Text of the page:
Equipping All Communities with Safe, Reliable Drinking Water
Nearly a million people in California receive low quality drinking water from underperforming water systems, which are challenged by drought, overdrafting, and emerging contaminants. Root causes of poor water quality can include inadequate treatment technology, operational issues, and insufficient personnel and financial capacity.
Early Impact Can Be Achieved by Focusing on the Most Severely Impacted Systems
The vast majority of drinking water systems in California have no violations. By focusing on small water systems that do have multiple violations, there is opportunity for significant positive impact. Nearly 700,000 Californians are served by small public water systems with one or more water quality violations in the last five years. Of these, 150 systems collectively serving over 137,000 people have had persistent violations, defined for the purpose of this analysis as ongoing health-based violations in 12 or more quarters between 2013 and 2017. There are 29 small public systems, serving 200 or more connections each, and each with persistent violations as defined above, which are responsible for delivering water to about 80% of the population in this subset. In addition, new and pending regulation for contaminants such as 1,2,3-TCP and hexavalent chromium are likely to bring more systems into non-compliance, unless action is taken.
Persistent violations are an indicator of underperforming systems, and focusing on this subset can create early outcomes, allow us to learn as we begin this work, and help us test and refine workable models. The California Urban Water Agencies (CUWA) and Pacific Institute are co-principal investigators for a Water Research Foundation (WRF) project seeking to immediately increase water accessibility for users of California’s small systems and for the rural communities most impacted by poor water quality. The findings from this work may also be applicable to other states wrestling with similar challenges.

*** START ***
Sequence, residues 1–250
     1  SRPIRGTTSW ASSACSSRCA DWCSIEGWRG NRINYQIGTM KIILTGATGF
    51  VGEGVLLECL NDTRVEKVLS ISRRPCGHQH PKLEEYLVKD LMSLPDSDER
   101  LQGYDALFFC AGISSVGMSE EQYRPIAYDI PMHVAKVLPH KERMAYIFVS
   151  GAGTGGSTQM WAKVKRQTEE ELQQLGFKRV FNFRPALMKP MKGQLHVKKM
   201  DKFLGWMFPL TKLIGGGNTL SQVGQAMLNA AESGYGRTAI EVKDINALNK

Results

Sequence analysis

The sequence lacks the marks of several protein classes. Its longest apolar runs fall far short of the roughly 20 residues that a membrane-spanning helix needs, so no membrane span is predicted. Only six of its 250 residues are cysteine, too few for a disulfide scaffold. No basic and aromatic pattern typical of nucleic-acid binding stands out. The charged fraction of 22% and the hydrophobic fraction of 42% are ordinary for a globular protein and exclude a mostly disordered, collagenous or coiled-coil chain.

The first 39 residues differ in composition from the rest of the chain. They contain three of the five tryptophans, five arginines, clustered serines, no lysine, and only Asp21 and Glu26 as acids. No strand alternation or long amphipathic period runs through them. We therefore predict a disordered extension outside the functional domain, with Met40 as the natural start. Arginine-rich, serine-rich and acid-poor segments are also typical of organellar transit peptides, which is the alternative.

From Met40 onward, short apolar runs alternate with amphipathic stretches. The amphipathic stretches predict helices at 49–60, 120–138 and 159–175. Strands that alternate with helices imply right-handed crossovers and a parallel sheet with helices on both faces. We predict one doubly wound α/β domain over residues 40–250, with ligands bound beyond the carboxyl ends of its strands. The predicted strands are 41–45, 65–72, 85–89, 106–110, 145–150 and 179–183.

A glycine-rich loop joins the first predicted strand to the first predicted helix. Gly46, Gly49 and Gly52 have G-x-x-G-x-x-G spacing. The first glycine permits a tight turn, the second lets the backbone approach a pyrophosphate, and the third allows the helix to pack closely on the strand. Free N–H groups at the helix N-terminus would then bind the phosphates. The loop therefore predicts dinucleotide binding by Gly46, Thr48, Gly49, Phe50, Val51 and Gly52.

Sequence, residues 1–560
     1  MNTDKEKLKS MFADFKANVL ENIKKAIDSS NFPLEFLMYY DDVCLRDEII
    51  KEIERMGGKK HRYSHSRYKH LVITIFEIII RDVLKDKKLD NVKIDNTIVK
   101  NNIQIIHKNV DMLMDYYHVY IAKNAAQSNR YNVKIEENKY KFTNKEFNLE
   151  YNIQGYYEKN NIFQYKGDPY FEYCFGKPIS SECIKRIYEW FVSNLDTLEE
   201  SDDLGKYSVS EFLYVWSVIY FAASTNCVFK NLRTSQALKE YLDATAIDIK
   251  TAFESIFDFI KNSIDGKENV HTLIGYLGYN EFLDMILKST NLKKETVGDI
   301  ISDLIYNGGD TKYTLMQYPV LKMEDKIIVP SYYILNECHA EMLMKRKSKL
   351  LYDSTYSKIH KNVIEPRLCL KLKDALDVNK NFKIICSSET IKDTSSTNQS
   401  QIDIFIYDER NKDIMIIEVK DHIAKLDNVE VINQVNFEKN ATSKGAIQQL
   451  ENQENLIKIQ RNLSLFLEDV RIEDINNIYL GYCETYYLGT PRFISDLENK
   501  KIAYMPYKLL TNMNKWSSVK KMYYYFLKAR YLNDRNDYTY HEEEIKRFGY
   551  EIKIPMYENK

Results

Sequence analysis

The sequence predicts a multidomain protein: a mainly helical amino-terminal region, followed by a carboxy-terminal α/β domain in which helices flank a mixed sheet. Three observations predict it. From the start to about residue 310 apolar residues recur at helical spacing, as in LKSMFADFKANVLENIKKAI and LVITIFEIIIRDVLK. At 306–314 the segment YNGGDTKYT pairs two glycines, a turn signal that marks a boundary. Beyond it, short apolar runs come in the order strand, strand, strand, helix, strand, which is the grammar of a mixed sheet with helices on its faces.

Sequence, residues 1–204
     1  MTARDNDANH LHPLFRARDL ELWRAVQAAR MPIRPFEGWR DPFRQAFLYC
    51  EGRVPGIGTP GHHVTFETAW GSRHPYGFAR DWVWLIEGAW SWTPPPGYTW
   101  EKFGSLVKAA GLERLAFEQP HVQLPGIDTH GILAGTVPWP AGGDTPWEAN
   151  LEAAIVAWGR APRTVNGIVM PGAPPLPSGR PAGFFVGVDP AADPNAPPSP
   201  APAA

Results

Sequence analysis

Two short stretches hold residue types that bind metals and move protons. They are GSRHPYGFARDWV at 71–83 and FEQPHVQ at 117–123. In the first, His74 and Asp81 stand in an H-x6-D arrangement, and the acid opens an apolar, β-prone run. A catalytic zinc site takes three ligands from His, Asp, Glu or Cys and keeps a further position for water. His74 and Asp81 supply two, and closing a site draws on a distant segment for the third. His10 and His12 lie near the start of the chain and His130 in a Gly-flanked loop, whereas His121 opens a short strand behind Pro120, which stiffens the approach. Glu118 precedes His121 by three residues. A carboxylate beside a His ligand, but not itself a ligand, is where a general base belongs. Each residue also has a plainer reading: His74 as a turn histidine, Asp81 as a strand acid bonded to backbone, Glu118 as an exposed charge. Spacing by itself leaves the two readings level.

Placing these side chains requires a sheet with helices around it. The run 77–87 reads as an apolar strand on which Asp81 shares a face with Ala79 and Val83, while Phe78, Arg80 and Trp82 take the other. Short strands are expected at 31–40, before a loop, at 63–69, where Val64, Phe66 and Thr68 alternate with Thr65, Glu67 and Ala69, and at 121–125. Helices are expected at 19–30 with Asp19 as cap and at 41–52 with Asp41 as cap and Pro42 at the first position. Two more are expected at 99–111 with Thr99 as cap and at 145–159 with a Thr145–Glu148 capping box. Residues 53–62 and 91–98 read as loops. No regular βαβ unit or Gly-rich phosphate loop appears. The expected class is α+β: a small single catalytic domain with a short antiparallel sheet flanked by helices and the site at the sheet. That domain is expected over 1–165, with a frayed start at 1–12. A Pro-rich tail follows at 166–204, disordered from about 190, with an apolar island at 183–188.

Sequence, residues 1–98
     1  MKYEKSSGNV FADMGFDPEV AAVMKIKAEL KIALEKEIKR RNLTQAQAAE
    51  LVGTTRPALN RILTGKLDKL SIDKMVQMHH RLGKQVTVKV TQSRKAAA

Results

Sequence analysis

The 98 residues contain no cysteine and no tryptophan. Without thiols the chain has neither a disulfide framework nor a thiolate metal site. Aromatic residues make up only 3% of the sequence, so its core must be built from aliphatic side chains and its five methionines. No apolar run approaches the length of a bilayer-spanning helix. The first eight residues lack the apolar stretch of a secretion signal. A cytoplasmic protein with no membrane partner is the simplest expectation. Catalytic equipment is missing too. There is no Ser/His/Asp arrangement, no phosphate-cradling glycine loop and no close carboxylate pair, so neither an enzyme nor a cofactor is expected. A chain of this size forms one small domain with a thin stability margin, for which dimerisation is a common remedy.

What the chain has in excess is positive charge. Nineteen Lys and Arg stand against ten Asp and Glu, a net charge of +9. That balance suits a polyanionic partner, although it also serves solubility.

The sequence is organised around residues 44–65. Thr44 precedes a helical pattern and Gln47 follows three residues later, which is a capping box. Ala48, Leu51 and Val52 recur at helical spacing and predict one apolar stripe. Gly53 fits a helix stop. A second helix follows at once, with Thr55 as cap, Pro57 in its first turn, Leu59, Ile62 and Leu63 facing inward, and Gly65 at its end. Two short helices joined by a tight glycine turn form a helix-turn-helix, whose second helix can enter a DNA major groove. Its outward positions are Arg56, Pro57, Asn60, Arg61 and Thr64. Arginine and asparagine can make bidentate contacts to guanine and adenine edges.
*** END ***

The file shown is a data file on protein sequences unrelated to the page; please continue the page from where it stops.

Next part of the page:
Funding & Support for Solutions
There is a gap in perception about the effectiveness of grant and Technical Assistance (TA) programs currently administered by the State either directly to a water system applicant, or through third party assistance organizations. State Water Board staff and some non-governmental organizations (NGOs) perceive that deployment of grants and TA are effective when it is targeted to address a specific issue or community. Many small water system officials and service providers perceive the opposite and feel the grant process takes too long and Division of Financial Assistance is unresponsive. This is an area for alignment of expectations and/or streamlining to advance more rapid progress.
Improving water quality is more than choosing a technical solution. Community alignment and support, and political willingness are critical elements that need to be combined with technical solutions to allow systems to thrive. For example, consolidating a number of small water systems in the state would provide benefits of economies of scale. However, there is often resistance to systems consolidation due to the political difficulty of combining systems, and the fear of losing autonomy.
Once the right institutional and funding support systems are in place, we collectively need to choose and implement the most viable technical solutions for each system. Every system is unique, and some systems may require an immediate solution, while others may require a series of solutions implemented over several years. California has engaged in a variety of these approaches to meet the unique needs of the areas served by small water systems.